India’s tax take continues to grow as digitalisation increases

The withdrawal of R1,000 and R500 notes from circulation in 2016 has led to a rise in the amount of tax collected and increased digitalisation in the wider economy.

That’s the view of RBI Monetary Policy Committee member Ashima Goyal, who said that the demonetisation “will help the nation move towards the ideal situation where low taxes are levied on a large base”.

Prime Minister Narendra Modi announced the withdrawal of the two denominations in November 2016, saying at the time it was to starve the black economy of money and promote digital payments at the same time.

Goyal said that while the withdrawal of the notes had created short-term costs, enhanced digitisation in the economy and reduced tax evasion were among the long-term benefits. “It contributed to the buoyancy in taxes the country is benefitting from today. This helps us move towards the ideal of low tax rates on a large base,” she said.

India’s tax department said that the gross collection of tax on corporate and individual earnings has risen by almost 24% so far in the current fiscal year to R8.98 lakh crore ($110bn).

Goods and Services Tax (GST) collections remained above R1.40 lakh crore for the seventh month in a row at R1.47 lakh crore in September, a 26% increase over last year.


Digital currency pilot commences

Goyal also said that India’s Central Bank Digital Currency (CBDC) would also reduce the cash economy, as well as providing additional functionality to the existing banking systems.

The Reserve Bank of India (RBI) launched a pilot scheme for the digital rupee for “specific uses” on 1 November 2022, in the Wholesale sector. The initiative makes the RBI one of the first major central banks in the world to start a pilot project with its own virtual currency.

The RBI also confirmed that it will start a second pilot scheme in the retail sector “in select locations in closed user groups of customers and merchants within a month”.

The central bank also said that nine banks are participating in the pilot – the State Bank of India, Bank of Baroda, Union Bank of India, HDFC Bank, ICICI Bank, Kotak Mahindra Bank, Yes Bank, IDFC First Bank and HSBC.

“The use case for this pilot is settlement of secondary market transactions in government securities. Use of [the digital currency] is expected to make the inter-bank market more efficient,” RBI said in an official statement.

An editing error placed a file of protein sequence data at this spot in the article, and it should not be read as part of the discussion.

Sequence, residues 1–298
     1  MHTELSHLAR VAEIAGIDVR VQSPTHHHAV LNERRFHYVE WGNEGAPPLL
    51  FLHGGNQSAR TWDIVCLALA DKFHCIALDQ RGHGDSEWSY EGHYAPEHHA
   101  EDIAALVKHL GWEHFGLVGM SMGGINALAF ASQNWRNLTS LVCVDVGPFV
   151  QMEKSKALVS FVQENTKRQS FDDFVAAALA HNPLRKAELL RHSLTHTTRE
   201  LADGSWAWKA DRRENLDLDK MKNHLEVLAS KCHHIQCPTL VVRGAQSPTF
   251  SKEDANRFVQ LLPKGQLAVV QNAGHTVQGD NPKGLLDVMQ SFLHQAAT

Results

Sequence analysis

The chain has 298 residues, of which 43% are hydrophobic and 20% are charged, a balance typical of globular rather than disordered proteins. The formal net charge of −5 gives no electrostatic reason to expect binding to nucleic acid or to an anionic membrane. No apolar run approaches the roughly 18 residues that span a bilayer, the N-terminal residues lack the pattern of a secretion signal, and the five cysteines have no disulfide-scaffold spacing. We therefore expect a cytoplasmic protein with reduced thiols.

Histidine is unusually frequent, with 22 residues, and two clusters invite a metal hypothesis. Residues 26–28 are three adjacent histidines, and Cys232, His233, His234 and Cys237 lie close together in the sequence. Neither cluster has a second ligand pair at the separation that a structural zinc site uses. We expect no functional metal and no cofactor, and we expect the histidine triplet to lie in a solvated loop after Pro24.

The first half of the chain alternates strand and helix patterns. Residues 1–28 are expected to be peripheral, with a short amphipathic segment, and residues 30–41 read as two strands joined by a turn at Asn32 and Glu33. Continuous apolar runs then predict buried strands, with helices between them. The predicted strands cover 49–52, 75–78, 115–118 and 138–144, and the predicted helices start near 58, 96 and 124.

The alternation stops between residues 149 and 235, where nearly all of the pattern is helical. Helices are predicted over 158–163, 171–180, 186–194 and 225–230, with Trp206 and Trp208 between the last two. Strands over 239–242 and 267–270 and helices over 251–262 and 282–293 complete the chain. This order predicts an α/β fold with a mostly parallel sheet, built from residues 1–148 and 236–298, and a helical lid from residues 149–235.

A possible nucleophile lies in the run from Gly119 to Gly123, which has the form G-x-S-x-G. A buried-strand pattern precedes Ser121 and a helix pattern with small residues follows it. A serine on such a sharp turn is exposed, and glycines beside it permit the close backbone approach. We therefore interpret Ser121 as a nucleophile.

It added: “Going forward, other wholesale transactions, and cross-border payments will be the focus of future pilots, based on the learnings from this pilot.”

The RBI said the e-rupee will bolster India’s digital economy, make payment systems more efficient and tackle money laundering. However, it also said the digital currency was to complement rather than replace current forms of money, and will provide an additional payment option to users, not to replace traditional payment systems.

“The introduction of CBDC in India is expected to offer a range of benefits, such as reduced dependency on cash, lesser overall currency management cost, and reduced settlement risk,” the RBI has said.

Ashima Goyal commented: “CBDC can certainly meet new needs in the digital age, reach remote areas and enhance financial inclusion, and save costs since cash is expensive and cumbersome.”

Like many other central banks, the RBI has been exploring the pros and cons of the introduction of CBDCs for some time.

CBDC is the digital form of a country’s sovereign currency. Its records will be maintained using a distributed ledger technology (DLT) like Blockchain. The RBI has said that all CBDC transactions would be traceable, with “no scope of anonymous transaction”.

The central bank recently released a ‘Concept Note’ on specifically on CBDC for India. The Note discusses key considerations such as technology and design options, possible uses of the digital rupee, and how it is issued, among other factors.